Published September 1, 2022
by Shannon Lodoen
(Langley, British Columbia, Canada)
I sit on the skytrain, try not to look
At anything beyond the small borders
Of my notebook, clenched in trembling hands.
The shrilling shree of metal on metal
As we tear around above ground corners
Vibrates through my teeth, my overworked jaw.
I'm still not used to the birds' eye view here
On this metal hulk, soaring, unlikely,
Across the evening Vancouver skyline.
Check to make sure I haven't missed my stop.
No, not yet. More time still to sit and sweat.
If I can't enjoy the view, why not write?
At least putting my misery in words
Helps pass the time 'til – at last – it is done.
Shannon Lodoen is an English doctoral student at the University of Waterloo, where her dissertation explores the relationship between digital technology and identity formation. She currently lives in Langley, BC, with her partner and one hyper-affectionate cat. When she is not working on her academic research, Shannon enjoys reading and writing poetry, hiking, trips to the beach, drawing, and working on her novel manuscript.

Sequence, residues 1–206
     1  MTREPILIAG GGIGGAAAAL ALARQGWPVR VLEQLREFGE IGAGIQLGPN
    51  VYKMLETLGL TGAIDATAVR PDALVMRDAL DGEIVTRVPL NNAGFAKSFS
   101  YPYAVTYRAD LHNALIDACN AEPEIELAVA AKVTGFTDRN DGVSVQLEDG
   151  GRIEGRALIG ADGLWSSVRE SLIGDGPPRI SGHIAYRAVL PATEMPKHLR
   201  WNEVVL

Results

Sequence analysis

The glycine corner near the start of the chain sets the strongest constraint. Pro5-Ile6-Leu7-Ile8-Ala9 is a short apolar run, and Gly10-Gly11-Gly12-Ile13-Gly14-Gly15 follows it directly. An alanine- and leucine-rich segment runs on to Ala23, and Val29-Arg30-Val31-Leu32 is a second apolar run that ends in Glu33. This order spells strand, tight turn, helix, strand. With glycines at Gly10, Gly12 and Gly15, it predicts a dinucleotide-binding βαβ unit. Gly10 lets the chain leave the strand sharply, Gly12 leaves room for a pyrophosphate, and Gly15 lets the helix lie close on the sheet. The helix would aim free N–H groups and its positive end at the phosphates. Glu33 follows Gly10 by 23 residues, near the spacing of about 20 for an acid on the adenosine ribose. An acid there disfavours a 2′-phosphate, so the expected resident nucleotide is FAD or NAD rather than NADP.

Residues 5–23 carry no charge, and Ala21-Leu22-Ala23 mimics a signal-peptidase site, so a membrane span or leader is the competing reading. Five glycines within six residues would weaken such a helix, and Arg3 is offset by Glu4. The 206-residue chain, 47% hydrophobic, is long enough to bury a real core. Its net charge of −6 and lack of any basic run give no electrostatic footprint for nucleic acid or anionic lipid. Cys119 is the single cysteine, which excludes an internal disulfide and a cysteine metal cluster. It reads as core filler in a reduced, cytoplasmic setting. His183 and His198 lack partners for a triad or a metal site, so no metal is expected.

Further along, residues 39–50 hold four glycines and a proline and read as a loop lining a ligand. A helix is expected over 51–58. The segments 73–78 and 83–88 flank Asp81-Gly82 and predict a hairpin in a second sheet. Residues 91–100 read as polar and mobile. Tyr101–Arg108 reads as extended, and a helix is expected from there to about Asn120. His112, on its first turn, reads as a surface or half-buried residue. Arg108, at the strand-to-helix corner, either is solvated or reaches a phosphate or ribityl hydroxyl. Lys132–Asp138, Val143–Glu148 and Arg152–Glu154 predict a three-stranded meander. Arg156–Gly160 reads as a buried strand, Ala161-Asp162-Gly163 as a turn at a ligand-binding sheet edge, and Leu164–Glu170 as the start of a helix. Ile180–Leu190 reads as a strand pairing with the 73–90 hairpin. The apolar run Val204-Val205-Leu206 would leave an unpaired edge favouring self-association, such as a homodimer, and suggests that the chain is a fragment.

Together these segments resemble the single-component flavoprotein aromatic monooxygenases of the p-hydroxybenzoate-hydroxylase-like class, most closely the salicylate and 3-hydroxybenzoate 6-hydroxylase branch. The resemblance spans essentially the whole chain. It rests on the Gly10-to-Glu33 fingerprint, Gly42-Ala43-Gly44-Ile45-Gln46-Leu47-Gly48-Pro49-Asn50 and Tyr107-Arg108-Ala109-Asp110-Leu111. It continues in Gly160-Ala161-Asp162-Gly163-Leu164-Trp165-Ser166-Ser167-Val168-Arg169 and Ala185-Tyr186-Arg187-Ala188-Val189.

This poem is included in Poetry World #4, published in the Wax Poetry and Art Library.
Previously published in Vancouver Poetry Magazine:
Ten Mile Point
by Molly Isabel Pearce
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